This blog is part of a series of blogs about my time on a landscape photography workshop run by Tom Mackie in Iceland. Read the first in the series about day 1 and 2 or the second about day 3 and 4.
Settle in folks, this is gonna be a long one, a lot happened these last few days!
Day 5 – Ice caves, reflections and frisky horses
Day 5 started with a trip to one of the most spectacular places I’ve ever been (quite a few of those in this part of the world).
This was taken in an ice cave which is essentially inside Vatnajokull glacier. The drive there was a pretty special experience on it’s own, with our guide (who was a bit of a legend) expertly driving across rough, 4×4 killing terrain in a modified people carrier. It’s hard to describe the feeling of being inside this place, so I’ll have to just stick another photo in.
As beautiful as it was it was a tricky one to photograph. There were three main elements working against us, first of all was the snow. There was an opening at one end of the cave that blew snow straight through the cave. It gave the ground a great, snow whipped texture and kept it looking fresh, but it was a nightmare trying to keep our lenses dry and snow free.
The second thing is the light. It’s actually pretty damn dark to the camera in here and there is a huge variation between the exposures needed to capture the ice and those needed to capture the detail in the snow or near the cave openings. I used bracketing in all of my shots, giving me brighter and darker overall exposures that I could combine into a HDR (High Dynamic Range) in post production, giving me the details in the brighter, snowy areas as well as the darker, icy areas. All of my final shots in the ice caves were HDRs, merged together using the excellent Google owned Nik Filters HDR Efex Pro.
The last problem was one I’d never even considered, sense of scale. It was really hard to get across the size of this place, in certain shots it looks cramped and claustrophobic, and in others it looks vast. To be honest it was both of those things in different areas, but getting across the right scale was tough, hence you’ll notice that there are people in every one of my shots. The people really help drive home the sense of scale and adds a nice human element to the photos that I never would of thought of before coming on this workshop. It’s also a lovely contrast seeing these beautiful, naturally created icy wonderlands offset against the very out of place, almost fragile looking humans with their hard hats and cameras.
Oh yeah, remember I said our cave guide was a bit of a legend earlier? Here’s the proof.
That’s him up there, on the edge of one hell of a drop, just to get us this shot. What a guy. This guy is also one of the only people to go around finding these ice caves for us to explore and making them safe, sometimes by shooting dangerous bits of ice with a shotgun. I’ll say it again, what a guy.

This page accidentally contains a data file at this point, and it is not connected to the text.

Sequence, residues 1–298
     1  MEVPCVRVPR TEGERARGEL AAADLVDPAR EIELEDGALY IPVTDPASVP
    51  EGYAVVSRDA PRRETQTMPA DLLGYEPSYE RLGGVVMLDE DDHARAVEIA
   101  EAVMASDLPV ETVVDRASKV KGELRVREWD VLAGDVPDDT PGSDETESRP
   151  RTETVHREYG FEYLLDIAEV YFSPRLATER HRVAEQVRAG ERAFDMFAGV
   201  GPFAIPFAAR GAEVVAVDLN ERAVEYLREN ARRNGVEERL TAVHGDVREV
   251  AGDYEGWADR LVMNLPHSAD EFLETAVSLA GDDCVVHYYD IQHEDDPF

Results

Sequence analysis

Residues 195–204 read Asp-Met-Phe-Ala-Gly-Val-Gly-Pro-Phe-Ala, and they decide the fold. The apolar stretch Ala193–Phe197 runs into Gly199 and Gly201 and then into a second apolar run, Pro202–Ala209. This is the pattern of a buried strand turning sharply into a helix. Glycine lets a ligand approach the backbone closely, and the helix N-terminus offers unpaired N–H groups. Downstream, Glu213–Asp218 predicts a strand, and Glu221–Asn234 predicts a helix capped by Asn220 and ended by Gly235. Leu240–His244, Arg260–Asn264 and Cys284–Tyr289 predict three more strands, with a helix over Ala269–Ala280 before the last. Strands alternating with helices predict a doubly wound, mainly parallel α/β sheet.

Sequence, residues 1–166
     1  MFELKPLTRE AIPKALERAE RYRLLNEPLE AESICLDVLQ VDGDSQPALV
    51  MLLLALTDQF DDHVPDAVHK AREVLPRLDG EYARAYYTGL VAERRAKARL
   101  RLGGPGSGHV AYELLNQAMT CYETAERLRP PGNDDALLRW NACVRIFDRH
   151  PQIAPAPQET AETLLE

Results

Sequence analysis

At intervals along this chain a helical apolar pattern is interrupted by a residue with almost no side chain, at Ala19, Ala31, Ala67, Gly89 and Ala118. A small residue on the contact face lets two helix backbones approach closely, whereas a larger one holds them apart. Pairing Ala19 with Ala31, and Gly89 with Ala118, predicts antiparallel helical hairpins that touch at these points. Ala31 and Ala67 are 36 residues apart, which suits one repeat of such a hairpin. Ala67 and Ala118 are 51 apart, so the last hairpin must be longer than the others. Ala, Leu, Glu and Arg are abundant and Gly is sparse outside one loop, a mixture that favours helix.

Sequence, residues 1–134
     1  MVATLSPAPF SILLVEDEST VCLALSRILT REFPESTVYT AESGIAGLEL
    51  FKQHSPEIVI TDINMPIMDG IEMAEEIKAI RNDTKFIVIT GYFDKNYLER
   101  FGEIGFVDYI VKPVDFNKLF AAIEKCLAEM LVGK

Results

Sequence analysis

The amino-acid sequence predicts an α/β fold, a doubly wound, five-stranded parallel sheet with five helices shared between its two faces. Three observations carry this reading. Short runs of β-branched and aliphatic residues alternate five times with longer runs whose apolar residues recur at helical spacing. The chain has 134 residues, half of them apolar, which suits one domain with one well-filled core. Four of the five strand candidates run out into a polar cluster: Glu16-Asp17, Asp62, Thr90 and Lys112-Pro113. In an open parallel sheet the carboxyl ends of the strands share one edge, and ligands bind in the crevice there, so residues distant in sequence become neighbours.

So, Ice Cave down, we headed to Hofn, had some lunch in a petrol station (hey, I never said this was glamorous) and found this spot, despite protests from Mike and me in the back of the van, as we were sure we were just driving down some random farmers track (we’d already been told off by some horse riders earlier for parking somewhere we apparently weren’t supposed to). Turns out we were wrong and were rewarded with this cracking view over a shallow lake.
How shallow you ask? Well here’s Tom (in my red jacket) in the middle of it.
We couldn’t let him go without at least getting a few decent poses out of him.
So the day was almost over. We did attempt to see the sunset at Stokksnes, but the land owner had made it a paid for location, obviously wanting to cash in on the increase in tourists. Fair enough, but we decided it wasn’t worth it and headed elsewhere. As it turns out the sunset didn’t happen anyway. We did get to see some more Icelandic horses though, which is always a treat, especially this fella who took a liking to Paul.
Day 6 – Iceberg beaches, Glaciers and The Aurora
So, day 6. Time to leave our lovely rooms at Hali Country Hotel and start heading back west. We got up early, skipped breakfast and headed straight for the Iceberg beach at Jokulsarlon again. This time we had a nice bit of sun breaking through the clouds. There were quite a few people on the beach already, although nowhere near as many as turned up later, so a couple of us headed a fair way along the beach and found a great Iceberg still standing around the crashing waves.
I used a remote trigger and a slow shutter speed and waited for the waves to get as high as they could before hitting the shutter, which captured the movement of the waves going backwards. If I had released the shutter as the waves were coming towards me the feeling of movement would of been lost under a blanket of white foam, but waiting until the water recedes gives it great definition.
This iceberg soon was lost to the sea, with the waves almost taking me and my camera with it. I wasn’t quite as quick off the mark as Mike who was stood with me and Tom when the waves came in and would have to put up with wet, black sand filled boots for the next hour or so. After that little misadventure we found this gorgeous, crystal-like iceberg a little further inland but still in reach of the waves and I managed to grab this shot before the waves once again caught me out. The photos were coming out great, but me feet were taking the punishment.
Anyway, onwards! And after returning to the hotel, changing my shoes and getting some breakfast we headed to Svartifoss, another of Icelands fantastic and numerous waterfalls.
It was a great little hike to get there, although shortly after taking this shot I was sent down to the bridge in my red jacket to be the sense of scale. If you ever go on one of these things, buy a black coat.
After this it was time to plan sunset. We headed to one of the many outlets of Vatnajökull glacier, just east of Svartifoss, and took a walk up the side of a small mountain that perfectly overlooked it. We had a great view of this frozen glacier outlet, and the sunset lit up the place a treat. It was slightly spoilt by hearing large chunks of nearby rock falling down the massive drop into the icy glacier below. Kept me on my toes I guess. It was a nice place to sit and watch sunset, even though I only got one decent photo out of it.